end the interview where it began with your new op-ed out this morning in "the washington post" entitled, "i will speak out until integrity returns to the white house." i want to read a bit here. you say, quote, the esteem with which i held the presidency was dealt a serious blow when donald trump took office. for more than three decades i observed and analyzed the traits and tactics of corrupt, incompetent and narcissistic foreign officials who did whatever they thought necessary to retain power. it never dawned on me that we could face such a development in the united states. many have condemned my public criticism of mr. trump, arguing as a former cia director i should bite my tongue. my criticisms, however, are not political. i have never been and will never be a partisan. i speak out for the simple reason that mr. trump is failing to live up to the standards that we should expect all presidents to live up to. as someone who had the rare
privilege of directly serving four presidents, i will continue to speak out loudly and critically until integrity, decency, wisdom and maybe even some humility return to the white house. and, of course, you have been joined with others, michael hayden, mike morrell, who have raised questions, former cia directors who have raised questions. i certainly know in michael hayden's case he had grave concerns about donald trump when he was running, but i had many private conversations i'm sure he wouldn't remind me revealing here during the transition where general haden said, he is the president, we have one president, we have to hope and pray and do everything we can to make this president succeed. well, he tried that and now, of course, he feels like you, the need to speak out. is that perhaps because intelligence officers and the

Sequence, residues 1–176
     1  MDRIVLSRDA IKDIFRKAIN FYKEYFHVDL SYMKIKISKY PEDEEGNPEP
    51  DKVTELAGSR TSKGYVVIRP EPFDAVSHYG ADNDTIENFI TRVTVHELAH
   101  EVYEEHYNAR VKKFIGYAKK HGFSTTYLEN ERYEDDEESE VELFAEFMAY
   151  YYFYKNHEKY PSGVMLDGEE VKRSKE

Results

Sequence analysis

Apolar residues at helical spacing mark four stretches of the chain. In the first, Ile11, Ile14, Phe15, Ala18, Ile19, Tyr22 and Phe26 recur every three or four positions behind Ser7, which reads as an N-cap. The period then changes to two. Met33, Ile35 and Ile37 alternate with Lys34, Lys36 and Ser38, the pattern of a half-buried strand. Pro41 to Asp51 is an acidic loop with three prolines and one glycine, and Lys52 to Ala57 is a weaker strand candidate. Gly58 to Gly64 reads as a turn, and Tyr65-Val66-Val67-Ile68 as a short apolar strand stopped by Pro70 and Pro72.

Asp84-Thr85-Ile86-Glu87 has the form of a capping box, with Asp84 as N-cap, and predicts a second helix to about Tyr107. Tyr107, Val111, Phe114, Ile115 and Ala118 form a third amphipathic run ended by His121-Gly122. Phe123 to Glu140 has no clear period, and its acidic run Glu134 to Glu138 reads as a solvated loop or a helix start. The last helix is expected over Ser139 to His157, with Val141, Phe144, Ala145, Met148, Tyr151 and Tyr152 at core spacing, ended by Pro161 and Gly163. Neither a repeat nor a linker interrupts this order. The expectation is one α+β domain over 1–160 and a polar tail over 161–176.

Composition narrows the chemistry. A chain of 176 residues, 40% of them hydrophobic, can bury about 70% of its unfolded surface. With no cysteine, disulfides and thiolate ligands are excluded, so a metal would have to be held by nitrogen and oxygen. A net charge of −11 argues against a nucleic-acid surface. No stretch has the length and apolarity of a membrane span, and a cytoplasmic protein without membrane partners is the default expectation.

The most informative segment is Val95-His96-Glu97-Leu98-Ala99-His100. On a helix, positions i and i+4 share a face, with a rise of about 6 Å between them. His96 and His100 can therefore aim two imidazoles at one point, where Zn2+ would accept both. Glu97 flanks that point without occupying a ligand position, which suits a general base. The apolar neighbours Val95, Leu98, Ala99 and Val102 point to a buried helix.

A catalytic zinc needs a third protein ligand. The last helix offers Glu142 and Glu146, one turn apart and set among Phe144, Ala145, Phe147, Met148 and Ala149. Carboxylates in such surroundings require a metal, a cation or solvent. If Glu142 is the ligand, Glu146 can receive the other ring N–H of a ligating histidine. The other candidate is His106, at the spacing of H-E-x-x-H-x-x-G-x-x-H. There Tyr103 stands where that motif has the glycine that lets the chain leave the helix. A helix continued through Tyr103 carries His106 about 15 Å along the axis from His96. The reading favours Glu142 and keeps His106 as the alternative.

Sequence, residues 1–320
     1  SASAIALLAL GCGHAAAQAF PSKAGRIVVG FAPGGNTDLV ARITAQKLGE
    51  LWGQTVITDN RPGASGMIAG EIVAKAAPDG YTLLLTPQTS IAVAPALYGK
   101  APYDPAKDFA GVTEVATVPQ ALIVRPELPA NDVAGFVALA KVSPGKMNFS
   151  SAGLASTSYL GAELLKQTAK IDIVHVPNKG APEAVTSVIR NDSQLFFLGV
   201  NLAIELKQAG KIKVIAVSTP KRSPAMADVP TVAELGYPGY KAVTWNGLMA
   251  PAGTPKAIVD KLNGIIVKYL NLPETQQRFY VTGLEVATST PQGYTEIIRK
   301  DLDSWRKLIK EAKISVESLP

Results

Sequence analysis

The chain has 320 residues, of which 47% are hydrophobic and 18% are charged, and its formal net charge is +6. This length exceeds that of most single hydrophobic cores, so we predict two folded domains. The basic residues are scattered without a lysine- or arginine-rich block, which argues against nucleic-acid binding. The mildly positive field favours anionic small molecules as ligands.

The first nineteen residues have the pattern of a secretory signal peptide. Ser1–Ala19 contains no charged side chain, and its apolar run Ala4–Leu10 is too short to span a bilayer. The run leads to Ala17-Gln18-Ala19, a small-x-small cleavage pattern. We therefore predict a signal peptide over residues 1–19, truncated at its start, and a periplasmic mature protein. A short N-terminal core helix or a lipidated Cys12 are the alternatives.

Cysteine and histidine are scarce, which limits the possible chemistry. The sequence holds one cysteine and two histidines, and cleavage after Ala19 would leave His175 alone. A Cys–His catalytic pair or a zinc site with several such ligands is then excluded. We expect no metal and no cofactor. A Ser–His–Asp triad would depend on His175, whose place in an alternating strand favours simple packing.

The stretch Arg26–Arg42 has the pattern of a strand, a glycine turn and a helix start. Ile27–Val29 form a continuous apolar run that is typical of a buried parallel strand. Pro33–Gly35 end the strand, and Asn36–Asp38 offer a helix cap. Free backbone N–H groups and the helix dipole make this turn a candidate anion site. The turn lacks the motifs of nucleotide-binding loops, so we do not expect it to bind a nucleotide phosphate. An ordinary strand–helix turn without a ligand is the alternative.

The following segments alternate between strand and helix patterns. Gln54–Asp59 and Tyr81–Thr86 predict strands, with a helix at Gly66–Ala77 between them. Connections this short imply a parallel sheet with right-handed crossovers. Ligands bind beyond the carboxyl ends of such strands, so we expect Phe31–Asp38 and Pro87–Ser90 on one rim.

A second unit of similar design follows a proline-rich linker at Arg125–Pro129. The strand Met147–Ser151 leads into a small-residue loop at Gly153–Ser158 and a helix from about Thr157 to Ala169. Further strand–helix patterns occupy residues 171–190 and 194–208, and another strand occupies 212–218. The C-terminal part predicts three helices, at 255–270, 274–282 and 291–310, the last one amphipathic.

intel community is, as he said, your mission is to find out what the real facts are, to analyze the facts and to act on those facts? sometimes you get it right, sometimes you get it wrong, but it is still fact-based. is that what causes donald trump the biggest concerns, that whether it is the media, whether it is the intel community, whether it is law enforcement investigations, he lives in a post-fact world? >> well, yes, i think we all hoped and prayed when donald trump was elected president that he would grow into the office, that he would mature as a person and he would do what is right for the country and set his ego aside. but i think, myself as well as mike haden and jim clapper and others, i think we have been very dismayed at what we have seen over 16 months. and as national security officials, former national security officials and